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Arc flash

Human error often causes arc flash accidents

Will you please describe a typical arc flash accident that you would be called on to investigate? If possible, please include the root cause of the accident, the type of equipment involved, the tools used by the employee and the resultant injury.

August 1, 2009

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Answered by Larry W. Hilgeman, president of The Hilgeman Group Inc., Ferdinand, IN.

Safety professionals across the United States are aware of the importance of implementing an effective electrical safe work program. However, a critical element of a comprehensive program includes provisions for arc flash safety.

Although all arc flash accidents have their own unique details, nearly every case is similar. The names and faces may change, but the causal factors and resulting injuries – both directly to the employee and indirectly to the family – are surprisingly nearly always the same.

A typical arc flash case summary will often be some variation of the following:

"A 45-year-old maintenance employee, with approximately 15 years of electrical experience, was performing a routine adjustment in a 480VAC control panel using an uninsulated screwdriver. While applying additional torque, the screwdriver slipped off the screw head and made phase-to-ground contact inside the electrical enclosure. The resulting fault produced an arc flash that ignited the employee's shirt and the upper portion of his pants. The employee suffered third-degree burns to his face, neck, chest, arms and groin, and second-degree burns to his legs. Additionally, the employee was wearing a polyester/cotton blend maintenance uniform, which melted and adhered to portions of the employee's torso. The employee was not wearing insulated electrician's gloves with leather protectors, thus the damage to his hands and fingers was significant. The trauma team at the burn clinic stated that this employee will need to undergo skin debridement and grafting for the next 12 weeks, followed by extensive physical therapy and cosmetic surgery. The patient, his wife and his two young children will all require counseling for depression and to learn adequate coping skills."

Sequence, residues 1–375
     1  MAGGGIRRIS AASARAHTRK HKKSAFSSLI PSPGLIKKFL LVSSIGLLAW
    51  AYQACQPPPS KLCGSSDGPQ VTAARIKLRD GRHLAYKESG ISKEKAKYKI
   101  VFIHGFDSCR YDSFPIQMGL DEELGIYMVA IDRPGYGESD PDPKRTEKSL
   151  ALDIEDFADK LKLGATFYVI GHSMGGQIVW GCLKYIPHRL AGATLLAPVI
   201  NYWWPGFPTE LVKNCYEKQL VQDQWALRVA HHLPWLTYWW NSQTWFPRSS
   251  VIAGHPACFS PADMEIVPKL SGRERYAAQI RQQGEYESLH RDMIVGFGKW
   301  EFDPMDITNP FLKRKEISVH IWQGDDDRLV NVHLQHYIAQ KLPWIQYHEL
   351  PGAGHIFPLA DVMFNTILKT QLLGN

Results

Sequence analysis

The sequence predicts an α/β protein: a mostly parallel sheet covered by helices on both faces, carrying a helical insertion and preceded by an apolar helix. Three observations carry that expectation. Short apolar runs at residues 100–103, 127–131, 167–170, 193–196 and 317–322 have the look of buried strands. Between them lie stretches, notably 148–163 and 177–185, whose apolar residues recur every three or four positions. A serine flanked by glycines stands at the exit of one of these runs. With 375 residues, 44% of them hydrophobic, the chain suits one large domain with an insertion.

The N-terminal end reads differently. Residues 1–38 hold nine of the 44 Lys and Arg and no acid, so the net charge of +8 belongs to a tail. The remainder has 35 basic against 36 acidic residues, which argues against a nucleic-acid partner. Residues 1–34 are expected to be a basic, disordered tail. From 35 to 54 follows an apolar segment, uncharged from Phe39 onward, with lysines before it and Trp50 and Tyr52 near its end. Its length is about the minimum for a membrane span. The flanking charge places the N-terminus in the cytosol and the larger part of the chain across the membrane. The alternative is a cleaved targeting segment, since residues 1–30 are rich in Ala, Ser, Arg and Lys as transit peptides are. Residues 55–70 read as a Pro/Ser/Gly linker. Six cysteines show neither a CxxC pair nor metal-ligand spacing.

The most common cause of arc flash accidents is human error. Regardless of how much electrical experience the employee may have, phase-to-phase and phase-to-ground contact often happens because an employee is distracted while performing energized work. Another typical cause is failure to use an insulated tool. Other causal factors include dropping conductive items into the enclosure (for example, panel board screws), the accumulation of conductive dust inside the enclosure and simple equipment failure.

The vast majority of our investigations involve 480VAC three-phase enclosures. Control panels, disconnects, buss switches, motor control centers and switchgear are the common locations of these types of accidents.

As mentioned above, the main injury resulting from an arc flash accident is second- and third-degree burns. The burns are similar from patient to patient, but a major factor in the treatment approach to each case is the patient's unique response to treatment.

Today's conscientious safety professionals are actively expanding their electrical safety programs to include arc flash safety. By conducting an arc flash hazard assessment, implementing the necessary personal protective equipment and flame-resistant garments, and conducting electrical and arc flash training, safety professionals are minimizing the risk and severity of a growing hazard in today's industry.

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